I wonder if the quote

with great power comes great responsibility

is true. If you don't use the power, what's the point of taking responsibility?

  • 1
    This is a question about ethics, but you have not defined an ethical system/point of view from which to answer your question. Because of this, there are either too many possible answers, or good answers would be too long for this format. Please add details to narrow the answer set or to isolate an issue that can be answered in a few paragraphs.
    – stoicfury
    Jul 30, 2014 at 16:42

2 Answers 2


Lets say you have some mystical power to stop any human from dying and make them whole again.

Let's say someone in front of you begins choking to death.

You have two choices, to save them or not.

The idea is that by having said power, whether it is used or not is a bigger deal than if you did not have it. If you could save all the people in a burning building with ease and do not, you are at some level responsible. It isn't a matter of 'taking responsibility' as you have said, but a matter of being responsible, either way. Maybe someone you save will murder someone some day. You could end up holding yourself responsible for that.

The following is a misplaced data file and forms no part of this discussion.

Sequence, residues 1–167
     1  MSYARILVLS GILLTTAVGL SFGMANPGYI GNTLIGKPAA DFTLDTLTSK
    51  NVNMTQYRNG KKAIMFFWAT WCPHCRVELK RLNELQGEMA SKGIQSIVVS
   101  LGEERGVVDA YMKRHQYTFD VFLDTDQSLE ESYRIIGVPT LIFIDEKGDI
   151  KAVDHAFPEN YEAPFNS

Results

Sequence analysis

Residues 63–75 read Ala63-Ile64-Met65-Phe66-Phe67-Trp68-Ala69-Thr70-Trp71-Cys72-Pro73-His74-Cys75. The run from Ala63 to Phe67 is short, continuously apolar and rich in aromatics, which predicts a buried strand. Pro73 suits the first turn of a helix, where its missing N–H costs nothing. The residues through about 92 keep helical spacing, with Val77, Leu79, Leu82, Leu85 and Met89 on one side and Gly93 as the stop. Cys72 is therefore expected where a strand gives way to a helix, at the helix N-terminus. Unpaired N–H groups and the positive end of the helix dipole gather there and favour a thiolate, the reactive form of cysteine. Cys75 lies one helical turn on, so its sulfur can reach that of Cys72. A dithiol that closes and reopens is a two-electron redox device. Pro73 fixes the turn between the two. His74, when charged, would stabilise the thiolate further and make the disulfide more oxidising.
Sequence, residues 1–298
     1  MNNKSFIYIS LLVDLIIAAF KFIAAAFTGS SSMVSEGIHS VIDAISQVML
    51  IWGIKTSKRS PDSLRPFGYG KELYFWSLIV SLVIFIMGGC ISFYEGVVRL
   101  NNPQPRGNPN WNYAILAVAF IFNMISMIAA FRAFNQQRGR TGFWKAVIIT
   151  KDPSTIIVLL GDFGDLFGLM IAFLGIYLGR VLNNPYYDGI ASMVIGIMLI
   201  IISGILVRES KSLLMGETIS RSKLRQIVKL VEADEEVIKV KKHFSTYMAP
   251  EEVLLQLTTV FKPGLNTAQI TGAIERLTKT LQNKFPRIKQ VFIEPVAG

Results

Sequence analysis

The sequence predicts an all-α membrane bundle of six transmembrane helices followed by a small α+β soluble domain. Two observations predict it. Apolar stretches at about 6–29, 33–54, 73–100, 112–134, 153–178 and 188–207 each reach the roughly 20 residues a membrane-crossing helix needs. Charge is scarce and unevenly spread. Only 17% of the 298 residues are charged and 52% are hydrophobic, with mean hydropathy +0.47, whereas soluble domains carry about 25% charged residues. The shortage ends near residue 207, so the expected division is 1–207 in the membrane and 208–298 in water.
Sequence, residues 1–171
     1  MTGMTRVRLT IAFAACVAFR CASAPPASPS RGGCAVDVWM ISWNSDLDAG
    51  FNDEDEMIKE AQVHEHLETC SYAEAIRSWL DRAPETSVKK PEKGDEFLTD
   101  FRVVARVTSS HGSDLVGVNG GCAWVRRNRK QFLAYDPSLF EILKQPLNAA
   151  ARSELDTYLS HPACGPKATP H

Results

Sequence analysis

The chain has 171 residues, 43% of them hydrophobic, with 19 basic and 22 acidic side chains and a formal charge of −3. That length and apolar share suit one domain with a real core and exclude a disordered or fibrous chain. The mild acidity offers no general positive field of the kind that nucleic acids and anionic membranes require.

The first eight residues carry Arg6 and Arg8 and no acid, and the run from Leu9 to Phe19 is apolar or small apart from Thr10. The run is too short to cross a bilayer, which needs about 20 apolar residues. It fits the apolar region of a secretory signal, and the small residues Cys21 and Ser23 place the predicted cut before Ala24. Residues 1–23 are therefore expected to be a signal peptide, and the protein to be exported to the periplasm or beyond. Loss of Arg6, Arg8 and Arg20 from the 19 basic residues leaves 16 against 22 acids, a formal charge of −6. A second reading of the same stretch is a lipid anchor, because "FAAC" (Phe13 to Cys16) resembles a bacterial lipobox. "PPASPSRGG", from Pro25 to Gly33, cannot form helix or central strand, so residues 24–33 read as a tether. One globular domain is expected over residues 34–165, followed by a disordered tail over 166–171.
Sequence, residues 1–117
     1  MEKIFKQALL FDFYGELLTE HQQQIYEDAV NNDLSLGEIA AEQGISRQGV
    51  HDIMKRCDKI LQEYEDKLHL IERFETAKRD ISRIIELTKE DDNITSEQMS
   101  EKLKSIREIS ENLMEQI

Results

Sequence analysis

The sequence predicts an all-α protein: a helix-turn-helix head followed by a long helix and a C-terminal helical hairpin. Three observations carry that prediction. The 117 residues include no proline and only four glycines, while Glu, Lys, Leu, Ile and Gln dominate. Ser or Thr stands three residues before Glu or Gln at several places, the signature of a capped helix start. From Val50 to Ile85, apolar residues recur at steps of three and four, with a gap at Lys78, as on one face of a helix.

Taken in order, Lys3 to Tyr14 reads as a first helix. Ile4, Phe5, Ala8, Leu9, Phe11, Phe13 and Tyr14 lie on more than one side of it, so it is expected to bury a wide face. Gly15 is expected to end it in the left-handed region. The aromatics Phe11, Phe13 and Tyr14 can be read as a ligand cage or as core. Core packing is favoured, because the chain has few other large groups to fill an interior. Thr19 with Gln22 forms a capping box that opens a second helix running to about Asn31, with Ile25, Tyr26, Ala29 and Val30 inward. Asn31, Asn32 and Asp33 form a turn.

tl;dr: The phrase could be rephrased as 'The meaningfulness of a choice to do or do not increases with the range of potential results.'


In some sense this quote just represents two sides of the same state of affairs. If we define power as the ability to impact the world and responsibility as the extent to which our personal choices can be held accountable for the events that occur, then our responsibility increases as our power increases, whether we use that power or not (since inaction becomes a choice in the case that one has the choice to act).